Then he said what nobody wants to hear.
"There's been a serious accident, and they've transported Mary Melick to UAB Hospital."
"Is she OK?"
"I can't say. I just need to tell you it's serious and she's gone to UAB."
That's not good. I've seen enough TV shows to know the police show up in person when it's really bad news.
So I yell at the Young Prince to get up, Mom's been in an accident. I throw on pants and a ball cap and off we go. ... right past the intersection, where we see the little white car MG was driving pushed up against a guardrail, facing the wrong direction on Highway 280, and the entire driver's side of the car is gone.
This isn't good.
We get to the hospital and I ask for Mary Grace Melick. "I'm her husband I say," while the security guard tells me I have to go back out to his area to go through the screening (but he does so quickly and politely with sympathy).
"We don't have a Mary Grace Melick,'' they tell me. "But that could be the Jane Doe we have."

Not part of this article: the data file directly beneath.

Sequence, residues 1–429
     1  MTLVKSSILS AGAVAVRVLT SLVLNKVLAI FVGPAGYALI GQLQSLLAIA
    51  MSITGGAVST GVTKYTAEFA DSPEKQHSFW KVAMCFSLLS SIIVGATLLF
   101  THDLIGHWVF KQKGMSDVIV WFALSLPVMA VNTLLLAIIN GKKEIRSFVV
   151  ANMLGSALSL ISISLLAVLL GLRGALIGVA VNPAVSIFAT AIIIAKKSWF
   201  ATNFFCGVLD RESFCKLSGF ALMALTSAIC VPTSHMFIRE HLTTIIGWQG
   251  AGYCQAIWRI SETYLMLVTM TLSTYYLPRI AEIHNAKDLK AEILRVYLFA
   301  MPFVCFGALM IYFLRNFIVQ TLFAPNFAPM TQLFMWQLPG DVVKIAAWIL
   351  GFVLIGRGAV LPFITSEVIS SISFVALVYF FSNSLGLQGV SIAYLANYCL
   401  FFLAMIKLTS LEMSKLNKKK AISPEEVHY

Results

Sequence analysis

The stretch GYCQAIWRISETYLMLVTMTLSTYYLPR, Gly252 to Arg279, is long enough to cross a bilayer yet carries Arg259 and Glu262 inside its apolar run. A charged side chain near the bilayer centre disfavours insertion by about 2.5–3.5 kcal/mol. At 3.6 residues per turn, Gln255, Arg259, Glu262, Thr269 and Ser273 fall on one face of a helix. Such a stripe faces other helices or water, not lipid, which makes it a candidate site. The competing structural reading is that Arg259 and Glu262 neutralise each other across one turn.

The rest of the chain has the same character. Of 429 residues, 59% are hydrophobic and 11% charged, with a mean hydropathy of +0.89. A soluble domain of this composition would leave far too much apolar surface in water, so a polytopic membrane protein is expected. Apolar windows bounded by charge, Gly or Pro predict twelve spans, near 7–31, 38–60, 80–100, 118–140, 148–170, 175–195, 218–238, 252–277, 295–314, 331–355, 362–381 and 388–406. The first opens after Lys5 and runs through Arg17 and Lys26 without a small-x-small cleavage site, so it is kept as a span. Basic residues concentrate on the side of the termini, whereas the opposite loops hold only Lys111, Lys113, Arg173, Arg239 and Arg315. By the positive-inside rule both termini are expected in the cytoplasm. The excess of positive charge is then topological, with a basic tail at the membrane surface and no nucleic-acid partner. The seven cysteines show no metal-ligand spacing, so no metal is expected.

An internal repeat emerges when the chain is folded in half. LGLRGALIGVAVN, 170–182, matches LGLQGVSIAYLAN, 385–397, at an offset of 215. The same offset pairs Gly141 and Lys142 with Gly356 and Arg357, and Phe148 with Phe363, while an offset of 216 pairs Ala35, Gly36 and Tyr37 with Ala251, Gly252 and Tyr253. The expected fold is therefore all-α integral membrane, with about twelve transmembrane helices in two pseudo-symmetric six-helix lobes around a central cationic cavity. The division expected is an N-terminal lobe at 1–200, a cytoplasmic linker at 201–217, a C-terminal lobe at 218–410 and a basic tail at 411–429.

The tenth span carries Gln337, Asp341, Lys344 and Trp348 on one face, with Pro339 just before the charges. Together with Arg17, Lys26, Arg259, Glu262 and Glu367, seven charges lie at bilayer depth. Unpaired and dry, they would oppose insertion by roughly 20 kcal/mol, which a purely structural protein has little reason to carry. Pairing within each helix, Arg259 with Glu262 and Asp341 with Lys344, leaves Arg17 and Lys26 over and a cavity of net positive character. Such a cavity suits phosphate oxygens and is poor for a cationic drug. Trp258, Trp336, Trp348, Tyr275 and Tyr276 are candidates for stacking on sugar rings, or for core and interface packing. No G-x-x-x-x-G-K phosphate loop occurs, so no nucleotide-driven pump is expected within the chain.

Again, my heart sinks. I've seen CSI. I know the police only come to your door when it's bad, and that "Doe" is the name they give to people who are dead they can't identify.
But then the nurse picks up the phone and says, "Yankee Yankee - who is that?"
Turns out "Yankee Yankee'' is the code name they gave MG, because she didn't have identification (she'd love that, being the Connecticut Yankee that she is). And they took the Young Prince and I back to see if this was MG.
By the time we got there, they were taking her to the elevator to go to surgery. She was already on a respirator, in a coma, and looking really beat up.